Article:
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California issues license plates in numeric order (if we turn the letters into numbers). I have fun noticing the latest plate I have seen. I am interested in what you can derive from a series of these observations. I understand that sampling from $\{1,2,3...n\}$ the only useful data is the highest value you have seen.

Let's oversimplify the problem. Assume the highest plate issued is $N_0+n*t$, $n$ in plates/day and $t$ in days. Assume a similar number of low valued plates come off the road each day. I don't observe a consistent number of plates each day, but it averages out. Over a long time, the increase in highest plate seen should give a measure of $n$. The only other data I have is how frequently I see a new highest plate. Does that give some measure of how far my highest plate is from the highest issued?

As we are asked to cite the source of a question, I made it up. You probably guessed.

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Are you familiar with the German Tank Problem? en.wikipedia.org/wiki/German_tank_problem –  whuber Oct 13 '10 at 3:01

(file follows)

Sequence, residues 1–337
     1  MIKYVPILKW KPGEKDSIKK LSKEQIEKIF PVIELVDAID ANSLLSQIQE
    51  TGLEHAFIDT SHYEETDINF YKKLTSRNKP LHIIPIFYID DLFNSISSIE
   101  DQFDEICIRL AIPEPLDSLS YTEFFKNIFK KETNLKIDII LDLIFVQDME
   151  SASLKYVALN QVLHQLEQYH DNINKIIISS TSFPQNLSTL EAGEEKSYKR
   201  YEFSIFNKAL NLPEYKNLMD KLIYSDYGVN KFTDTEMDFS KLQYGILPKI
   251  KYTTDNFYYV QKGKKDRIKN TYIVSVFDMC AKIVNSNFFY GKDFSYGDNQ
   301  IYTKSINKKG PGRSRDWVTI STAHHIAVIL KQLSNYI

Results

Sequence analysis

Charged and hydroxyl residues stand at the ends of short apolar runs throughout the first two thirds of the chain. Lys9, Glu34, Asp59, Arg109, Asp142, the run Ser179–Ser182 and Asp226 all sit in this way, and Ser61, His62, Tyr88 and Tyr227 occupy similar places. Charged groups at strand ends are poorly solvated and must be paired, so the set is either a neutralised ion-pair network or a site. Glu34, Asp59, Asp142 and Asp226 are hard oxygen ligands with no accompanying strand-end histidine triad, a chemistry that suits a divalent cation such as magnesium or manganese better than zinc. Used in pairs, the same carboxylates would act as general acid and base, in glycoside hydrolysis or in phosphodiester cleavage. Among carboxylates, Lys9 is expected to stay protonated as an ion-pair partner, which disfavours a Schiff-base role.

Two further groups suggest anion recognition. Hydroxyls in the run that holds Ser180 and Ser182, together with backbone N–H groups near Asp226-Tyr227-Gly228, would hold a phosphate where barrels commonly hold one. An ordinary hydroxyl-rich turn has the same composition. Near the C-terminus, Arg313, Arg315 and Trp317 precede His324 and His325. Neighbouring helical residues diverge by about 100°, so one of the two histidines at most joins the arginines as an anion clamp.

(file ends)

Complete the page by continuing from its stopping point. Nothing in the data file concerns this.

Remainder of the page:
No, I wasn't. Thanks –  Ross Millikan Oct 13 '10 at 4:43
    
An [original], [original-problem], [homegrown] or other such tag would be nice for these things. –  T.. Oct 14 '10 at 11:28
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up vote 3 down vote accepted

Joseph Gallian has decrypted many of the US state license plate and driver's license codes.

http://books.google.com/books?id=PD0clAlF8O4C&pg=PA27

I think he used Markov chain models. As whuber mentioned your problem is similar to the German tanks for which the subject reference is "extreme value statistics".

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